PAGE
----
.apply(shadowRadius: 2, shadowOpacity: 0.5, shadowColor: .black, shadowOffset: CGSize(width: 0, height: 2))
  .apply(backgroundColor: .lightGray)
  .apply(cornerRadius: 8)
  .apply(clipsToBounds: true)
let tableView = UITableView()
  .apply(isPagingEnabled: true)
  .apply(bounces: false)
  .apply(showsScrollIndicator: false)

lazy var stackView: UIStackView = {
  return UIStackView(arrangedSubviews: [self.titleLabel, self.actionButton])
    .apply(axis: .vertical)
    .apply(spacing: 10)


Apply a style

Quite often, you find yourself having to reuse the same styling for your view elements throughout your application. With Apply, setting up and applying styles is super simple. Somewhere in your application you define view styles that can be applied to UI elements of a certain type.

In the example below, there's a reusable style for UILabels being displayed as titles in your app, as well as a label making use of the style.

let titleLabelStyle = UIViewStyle<UILabel> {
  $0.apply(font: UIFont.systemFont(ofSize: 20))
    .apply(textColor: .red)

let titleLabel = UILabel()
  .apply(style: titleLabelStyle)
  .apply(text: "#verytitle”)

Combine and apply styles

To make it even easier to read, create, change, and maintain styles they have been set up in such a way that they can be combined.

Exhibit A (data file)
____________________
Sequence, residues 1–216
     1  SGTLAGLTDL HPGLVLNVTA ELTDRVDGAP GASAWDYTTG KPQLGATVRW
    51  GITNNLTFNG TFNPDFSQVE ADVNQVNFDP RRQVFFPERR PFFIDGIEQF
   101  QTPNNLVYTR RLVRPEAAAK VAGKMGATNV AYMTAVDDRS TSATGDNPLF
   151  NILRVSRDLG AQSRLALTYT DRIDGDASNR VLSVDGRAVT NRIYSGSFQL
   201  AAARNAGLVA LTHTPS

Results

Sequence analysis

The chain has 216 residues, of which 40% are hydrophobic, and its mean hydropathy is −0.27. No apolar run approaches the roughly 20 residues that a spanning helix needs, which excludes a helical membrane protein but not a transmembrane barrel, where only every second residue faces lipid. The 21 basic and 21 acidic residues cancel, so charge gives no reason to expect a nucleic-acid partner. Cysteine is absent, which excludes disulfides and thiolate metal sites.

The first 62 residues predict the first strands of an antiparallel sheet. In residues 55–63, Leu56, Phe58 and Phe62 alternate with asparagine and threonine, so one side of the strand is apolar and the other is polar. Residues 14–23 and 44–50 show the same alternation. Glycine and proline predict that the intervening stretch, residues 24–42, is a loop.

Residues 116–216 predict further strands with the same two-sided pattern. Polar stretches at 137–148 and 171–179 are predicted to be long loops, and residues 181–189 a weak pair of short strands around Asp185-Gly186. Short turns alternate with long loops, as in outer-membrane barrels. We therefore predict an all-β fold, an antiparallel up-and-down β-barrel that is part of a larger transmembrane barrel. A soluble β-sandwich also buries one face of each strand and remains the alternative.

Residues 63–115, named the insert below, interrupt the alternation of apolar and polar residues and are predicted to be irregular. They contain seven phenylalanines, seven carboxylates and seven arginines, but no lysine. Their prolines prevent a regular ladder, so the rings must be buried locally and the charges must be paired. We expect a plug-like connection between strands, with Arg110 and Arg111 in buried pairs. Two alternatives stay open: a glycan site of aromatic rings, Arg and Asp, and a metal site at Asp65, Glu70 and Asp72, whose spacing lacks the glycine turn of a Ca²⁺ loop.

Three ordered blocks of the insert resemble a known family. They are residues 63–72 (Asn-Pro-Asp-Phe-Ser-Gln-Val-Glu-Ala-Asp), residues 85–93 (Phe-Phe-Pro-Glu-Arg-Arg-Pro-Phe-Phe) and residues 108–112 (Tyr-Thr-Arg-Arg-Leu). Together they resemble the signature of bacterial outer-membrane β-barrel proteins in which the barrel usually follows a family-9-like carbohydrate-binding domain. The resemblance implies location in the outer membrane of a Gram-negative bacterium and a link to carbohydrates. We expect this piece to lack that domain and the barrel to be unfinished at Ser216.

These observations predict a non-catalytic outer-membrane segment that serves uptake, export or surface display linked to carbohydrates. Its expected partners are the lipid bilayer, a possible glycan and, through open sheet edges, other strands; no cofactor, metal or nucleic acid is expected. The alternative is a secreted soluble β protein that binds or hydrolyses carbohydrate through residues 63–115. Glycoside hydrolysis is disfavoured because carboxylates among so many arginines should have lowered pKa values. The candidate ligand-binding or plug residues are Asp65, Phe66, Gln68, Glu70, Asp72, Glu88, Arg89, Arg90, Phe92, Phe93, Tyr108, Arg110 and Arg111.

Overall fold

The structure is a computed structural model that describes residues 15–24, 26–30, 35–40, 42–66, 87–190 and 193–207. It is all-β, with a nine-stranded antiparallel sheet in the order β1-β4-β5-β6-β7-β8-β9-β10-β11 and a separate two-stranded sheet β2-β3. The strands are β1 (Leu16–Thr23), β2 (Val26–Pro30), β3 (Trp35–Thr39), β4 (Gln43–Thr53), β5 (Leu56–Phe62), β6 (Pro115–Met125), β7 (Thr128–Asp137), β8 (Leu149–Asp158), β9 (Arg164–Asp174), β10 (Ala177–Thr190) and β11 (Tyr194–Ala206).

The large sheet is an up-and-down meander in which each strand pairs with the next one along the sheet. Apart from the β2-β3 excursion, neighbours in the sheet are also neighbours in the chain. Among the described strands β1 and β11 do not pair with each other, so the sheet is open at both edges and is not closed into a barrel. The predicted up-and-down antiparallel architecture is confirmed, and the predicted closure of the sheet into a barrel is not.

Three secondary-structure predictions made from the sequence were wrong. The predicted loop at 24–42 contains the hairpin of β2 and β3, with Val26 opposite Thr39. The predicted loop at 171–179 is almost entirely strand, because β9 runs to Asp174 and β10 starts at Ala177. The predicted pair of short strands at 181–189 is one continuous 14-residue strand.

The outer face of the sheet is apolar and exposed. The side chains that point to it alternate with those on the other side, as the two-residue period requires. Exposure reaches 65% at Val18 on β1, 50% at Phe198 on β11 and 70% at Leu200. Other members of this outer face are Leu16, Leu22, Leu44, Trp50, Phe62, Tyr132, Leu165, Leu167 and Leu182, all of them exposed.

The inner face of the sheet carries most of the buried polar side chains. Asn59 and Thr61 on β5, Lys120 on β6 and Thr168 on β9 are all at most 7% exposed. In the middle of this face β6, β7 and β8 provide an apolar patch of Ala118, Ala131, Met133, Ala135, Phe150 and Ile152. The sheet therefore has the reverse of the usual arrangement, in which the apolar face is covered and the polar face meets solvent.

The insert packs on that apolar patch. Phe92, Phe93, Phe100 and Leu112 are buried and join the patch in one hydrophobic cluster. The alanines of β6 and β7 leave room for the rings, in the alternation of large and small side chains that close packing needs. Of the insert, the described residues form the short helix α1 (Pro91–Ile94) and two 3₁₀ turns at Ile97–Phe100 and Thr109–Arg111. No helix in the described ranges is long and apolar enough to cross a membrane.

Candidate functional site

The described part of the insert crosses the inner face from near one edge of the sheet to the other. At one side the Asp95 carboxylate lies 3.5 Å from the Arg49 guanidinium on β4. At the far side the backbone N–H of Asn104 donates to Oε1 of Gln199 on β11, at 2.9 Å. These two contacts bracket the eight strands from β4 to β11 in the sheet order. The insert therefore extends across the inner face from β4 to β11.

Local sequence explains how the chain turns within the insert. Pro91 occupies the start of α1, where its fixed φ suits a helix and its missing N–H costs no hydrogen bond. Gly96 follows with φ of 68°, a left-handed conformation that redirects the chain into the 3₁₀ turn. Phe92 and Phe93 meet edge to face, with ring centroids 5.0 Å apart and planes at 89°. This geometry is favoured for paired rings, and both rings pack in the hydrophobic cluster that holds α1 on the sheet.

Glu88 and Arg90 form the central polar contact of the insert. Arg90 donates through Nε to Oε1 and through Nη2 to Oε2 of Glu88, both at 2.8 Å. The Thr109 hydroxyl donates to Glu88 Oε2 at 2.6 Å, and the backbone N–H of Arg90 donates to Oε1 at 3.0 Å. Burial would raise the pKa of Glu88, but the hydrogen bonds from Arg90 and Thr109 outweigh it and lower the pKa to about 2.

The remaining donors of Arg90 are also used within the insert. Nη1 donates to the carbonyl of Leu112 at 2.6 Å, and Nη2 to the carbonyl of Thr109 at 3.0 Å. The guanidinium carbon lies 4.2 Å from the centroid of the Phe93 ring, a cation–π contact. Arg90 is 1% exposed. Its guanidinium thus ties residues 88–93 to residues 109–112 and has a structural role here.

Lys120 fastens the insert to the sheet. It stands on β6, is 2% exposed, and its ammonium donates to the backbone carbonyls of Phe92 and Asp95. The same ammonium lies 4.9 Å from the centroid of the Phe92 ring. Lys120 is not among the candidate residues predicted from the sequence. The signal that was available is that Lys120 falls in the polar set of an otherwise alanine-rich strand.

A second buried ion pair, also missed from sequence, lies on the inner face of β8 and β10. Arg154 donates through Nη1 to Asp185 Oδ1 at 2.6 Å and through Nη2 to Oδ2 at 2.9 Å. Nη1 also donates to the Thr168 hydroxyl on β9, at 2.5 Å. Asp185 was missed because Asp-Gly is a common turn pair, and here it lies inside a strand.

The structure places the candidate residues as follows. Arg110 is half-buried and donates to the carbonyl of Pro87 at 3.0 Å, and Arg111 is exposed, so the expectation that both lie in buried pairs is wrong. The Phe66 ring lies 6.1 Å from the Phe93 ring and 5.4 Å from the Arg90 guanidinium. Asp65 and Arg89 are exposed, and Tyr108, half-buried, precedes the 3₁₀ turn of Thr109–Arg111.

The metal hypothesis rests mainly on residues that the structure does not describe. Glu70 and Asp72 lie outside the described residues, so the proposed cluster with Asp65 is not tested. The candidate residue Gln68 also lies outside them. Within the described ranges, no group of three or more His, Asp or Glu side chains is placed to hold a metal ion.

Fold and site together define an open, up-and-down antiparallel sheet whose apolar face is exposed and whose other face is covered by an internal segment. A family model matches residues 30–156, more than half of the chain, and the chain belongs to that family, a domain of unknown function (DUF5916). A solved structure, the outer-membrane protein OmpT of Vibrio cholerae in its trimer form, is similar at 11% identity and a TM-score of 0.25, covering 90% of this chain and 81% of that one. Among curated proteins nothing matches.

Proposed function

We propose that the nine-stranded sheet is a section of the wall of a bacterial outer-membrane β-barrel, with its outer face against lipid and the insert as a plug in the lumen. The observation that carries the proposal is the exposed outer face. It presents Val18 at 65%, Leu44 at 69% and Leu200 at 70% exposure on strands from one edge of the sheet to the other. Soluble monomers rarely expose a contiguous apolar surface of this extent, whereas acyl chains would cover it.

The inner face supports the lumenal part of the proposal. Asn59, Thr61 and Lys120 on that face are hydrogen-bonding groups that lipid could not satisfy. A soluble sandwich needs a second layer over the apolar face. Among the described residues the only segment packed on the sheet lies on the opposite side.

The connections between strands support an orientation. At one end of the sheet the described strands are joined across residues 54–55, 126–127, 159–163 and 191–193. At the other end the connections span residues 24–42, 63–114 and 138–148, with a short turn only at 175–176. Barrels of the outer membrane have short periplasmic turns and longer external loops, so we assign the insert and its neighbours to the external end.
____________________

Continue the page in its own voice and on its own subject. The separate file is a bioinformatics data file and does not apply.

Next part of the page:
let borderedViewStyle = UIViewStyle<UIView> {
  $0.apply(borderColor: .black, borderWidth: 1)

let roundedViewStyle = UIViewStyle<UIView> {
  $0.apply(cornerRadius: 8)

let roundedBorderedViewStyle = borderedViewStyle.composing(with: roundedViewStyle)

let view = UIView()
  .apply(style: roundedBorderedViewStyle)
  .apply(backgroundColor: .red)


How you use and organize styles in your project is completely up to you. What may be useful is introducing a class/struct Stylesheet or alike in which you add all your app’s colors, fonts, reusable styles, and whatever else you may need. This way, it’s easier to read and maintain your code and you ensure that your UI is consistent throughout the app.

An example of such stylesheet could look like:

struct Stylesheet {

  struct Colors {
    static let primary =
    static let secondary =

  struct Fonts {
    static let title = UIFont.systemFont(ofSize: 24)
    static let h1 = UIFont.systemFont(ofSize: 20)

  struct Styles {
    static let titleLabelStyle = UIViewStyle<UILabel> {
      $0.apply(font: Stylesheet.Fonts.title)
        .apply(textColor: Stylesheet.Colors.primary)


Which can then be used somewhere else in your application like so:

let titleLabel = UILabel()
  .apply(style: Stylesheet.Styles.titleLabelStyle)
  .apply(text: "#muchtitle #suchwow")

Another example where interchangeable themes has been utilized can be seen in the Example project.


  • If you found a bug, open an issue.
  • If you have a feature request, open an issue.
  • If you want to contribute, submit a pull request. Code is currently following the RayWenderlich Swift Style Guide


  • ...


Morten Faarkrog, @MFaarkrog


Apply is available under the MIT license. See the LICENSE file for more info.